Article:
This question already has an answer here:
- What are imaginary numbers? 21 answers
I know three questions (that gained momentum) that have been posted asking a question which seems the same, but answers to none of them answer the following very well.
Please jump to point 2 & 3 for immediate addressing to the problem.
Knowledge that I currently have: I was introduced to imaginary numbers a while back where just the square root of -1 seemed to be called iota. This made a whole lot of 'things' definable/analyze-able. I have currently studied the two dimensional complex plane, the rotation, Euler form, defining locus/area which is indefinitely better than an algebraic equation/expression, etc.
My Question: However, I have failed to grasp that how imaginary numbers even make sense. Let's take an example, let there be a quadratic polynomial not intersecting the x-axis. However, it does with two imaginary numbers. How does it intersect the x-axis when the equation of the quadratic dictates that it doesn't intersect the x-axis (discriminant<0)?
My current understanding:Several sites led me to the conclusion that imaginary-axis acts as the 'z' axis and gets the quadratic to intersect with the x-axis somehow. This pushes the curve form a 2-D to a 3-D curve existing in the complex space when we start feeding complex values into the function with the x-axis as the intersection the the two, Cartesian and Complex plane. This 3-D structure now intersects somewhere on the complex plane with the x-axis giving us the complex roots of the quadratic.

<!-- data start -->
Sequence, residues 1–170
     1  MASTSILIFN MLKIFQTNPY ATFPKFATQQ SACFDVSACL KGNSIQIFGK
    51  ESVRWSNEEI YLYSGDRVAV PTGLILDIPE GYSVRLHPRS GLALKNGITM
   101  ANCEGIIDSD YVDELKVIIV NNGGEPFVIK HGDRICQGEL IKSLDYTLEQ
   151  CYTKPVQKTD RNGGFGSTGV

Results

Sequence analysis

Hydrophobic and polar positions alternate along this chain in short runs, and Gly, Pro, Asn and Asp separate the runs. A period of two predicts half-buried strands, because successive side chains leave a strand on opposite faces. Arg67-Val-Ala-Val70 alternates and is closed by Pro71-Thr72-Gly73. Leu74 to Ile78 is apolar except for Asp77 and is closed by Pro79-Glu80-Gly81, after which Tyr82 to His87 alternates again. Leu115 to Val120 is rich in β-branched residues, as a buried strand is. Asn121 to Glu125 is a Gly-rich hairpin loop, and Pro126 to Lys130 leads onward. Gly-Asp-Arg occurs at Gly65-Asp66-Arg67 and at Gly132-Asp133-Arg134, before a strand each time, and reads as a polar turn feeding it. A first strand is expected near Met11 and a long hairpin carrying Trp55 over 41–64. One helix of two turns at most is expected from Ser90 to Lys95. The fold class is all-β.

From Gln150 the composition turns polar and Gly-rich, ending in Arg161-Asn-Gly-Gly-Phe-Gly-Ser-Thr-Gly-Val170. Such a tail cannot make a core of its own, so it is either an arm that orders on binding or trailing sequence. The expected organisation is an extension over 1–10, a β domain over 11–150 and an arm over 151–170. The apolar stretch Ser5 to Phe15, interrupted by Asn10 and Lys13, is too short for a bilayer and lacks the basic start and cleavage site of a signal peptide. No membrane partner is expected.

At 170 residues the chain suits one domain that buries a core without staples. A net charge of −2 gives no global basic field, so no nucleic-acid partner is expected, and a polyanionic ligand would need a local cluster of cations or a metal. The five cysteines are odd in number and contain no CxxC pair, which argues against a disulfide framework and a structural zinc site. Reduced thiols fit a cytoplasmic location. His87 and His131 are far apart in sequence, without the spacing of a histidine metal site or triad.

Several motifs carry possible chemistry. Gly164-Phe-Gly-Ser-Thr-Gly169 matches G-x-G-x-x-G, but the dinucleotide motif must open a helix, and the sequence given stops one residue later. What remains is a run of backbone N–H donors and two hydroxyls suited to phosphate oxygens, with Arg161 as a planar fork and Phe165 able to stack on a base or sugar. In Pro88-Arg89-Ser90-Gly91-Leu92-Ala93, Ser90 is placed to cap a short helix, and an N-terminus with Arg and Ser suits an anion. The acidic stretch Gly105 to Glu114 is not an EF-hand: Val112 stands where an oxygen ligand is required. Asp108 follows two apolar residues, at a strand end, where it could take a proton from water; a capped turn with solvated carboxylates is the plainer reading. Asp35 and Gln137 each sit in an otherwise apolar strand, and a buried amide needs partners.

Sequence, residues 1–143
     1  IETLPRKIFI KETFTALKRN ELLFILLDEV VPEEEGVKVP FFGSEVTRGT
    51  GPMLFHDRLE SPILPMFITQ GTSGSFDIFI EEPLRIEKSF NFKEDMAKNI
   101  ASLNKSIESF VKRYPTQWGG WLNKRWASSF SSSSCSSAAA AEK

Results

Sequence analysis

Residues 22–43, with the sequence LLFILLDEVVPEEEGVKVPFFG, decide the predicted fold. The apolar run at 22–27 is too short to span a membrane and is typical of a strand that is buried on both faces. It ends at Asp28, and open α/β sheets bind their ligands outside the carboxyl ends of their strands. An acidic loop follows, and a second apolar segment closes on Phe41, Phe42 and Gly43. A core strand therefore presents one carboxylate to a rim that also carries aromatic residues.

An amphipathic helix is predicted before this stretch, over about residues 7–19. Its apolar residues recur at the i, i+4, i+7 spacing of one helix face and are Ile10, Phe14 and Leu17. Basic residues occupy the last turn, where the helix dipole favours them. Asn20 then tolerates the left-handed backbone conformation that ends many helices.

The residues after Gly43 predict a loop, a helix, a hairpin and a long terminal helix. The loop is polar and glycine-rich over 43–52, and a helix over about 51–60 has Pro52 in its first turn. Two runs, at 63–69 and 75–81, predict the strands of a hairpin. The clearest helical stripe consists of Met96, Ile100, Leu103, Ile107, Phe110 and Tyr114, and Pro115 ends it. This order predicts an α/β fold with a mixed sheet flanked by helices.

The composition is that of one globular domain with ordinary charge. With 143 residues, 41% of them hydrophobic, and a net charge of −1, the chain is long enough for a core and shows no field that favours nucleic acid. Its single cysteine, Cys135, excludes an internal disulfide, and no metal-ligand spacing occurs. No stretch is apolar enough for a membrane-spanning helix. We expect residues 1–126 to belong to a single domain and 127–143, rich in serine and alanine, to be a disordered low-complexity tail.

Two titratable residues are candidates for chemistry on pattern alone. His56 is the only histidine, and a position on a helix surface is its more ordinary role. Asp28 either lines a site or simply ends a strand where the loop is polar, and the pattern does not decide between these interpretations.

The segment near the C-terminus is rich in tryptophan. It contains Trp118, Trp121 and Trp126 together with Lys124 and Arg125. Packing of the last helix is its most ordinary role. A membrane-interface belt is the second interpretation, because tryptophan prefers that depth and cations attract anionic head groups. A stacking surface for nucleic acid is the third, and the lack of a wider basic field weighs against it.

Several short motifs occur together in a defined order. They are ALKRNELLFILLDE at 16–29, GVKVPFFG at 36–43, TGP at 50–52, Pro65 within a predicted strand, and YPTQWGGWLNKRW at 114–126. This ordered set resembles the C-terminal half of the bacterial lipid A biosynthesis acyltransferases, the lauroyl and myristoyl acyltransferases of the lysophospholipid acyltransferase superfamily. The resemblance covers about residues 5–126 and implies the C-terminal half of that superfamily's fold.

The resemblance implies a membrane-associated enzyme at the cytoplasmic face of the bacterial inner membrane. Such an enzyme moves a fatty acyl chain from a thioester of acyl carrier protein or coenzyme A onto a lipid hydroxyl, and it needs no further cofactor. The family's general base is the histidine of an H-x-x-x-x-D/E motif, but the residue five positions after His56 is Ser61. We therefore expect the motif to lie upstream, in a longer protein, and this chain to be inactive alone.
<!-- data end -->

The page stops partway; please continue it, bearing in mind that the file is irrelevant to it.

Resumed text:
I however fail to understand that how this curve transitions from the Cartesian plane to the complex space while being continuous. Does it transform to a surface instead of a curve? If it transforms to a surface then it would have infinite roots with the x-axis(as seen in the video mentioned in the footnote)
I understand that the complex numbers were 'invented' rather than discovered (I'm saying this because other numbers; irrational, rational, negatives actually mean something, hence discovered).
Thank you very much for your valuable time. I really appreciate it.
FOOTNOTE : I have been to the following questions/sites :
5 This video here is very good
EDIT: The question was marked as a duplicate though it did not in a way adress the same question as the question that was marked as 'original'. I have therefore, changed the title and content to make the question as precise and understandable as possible.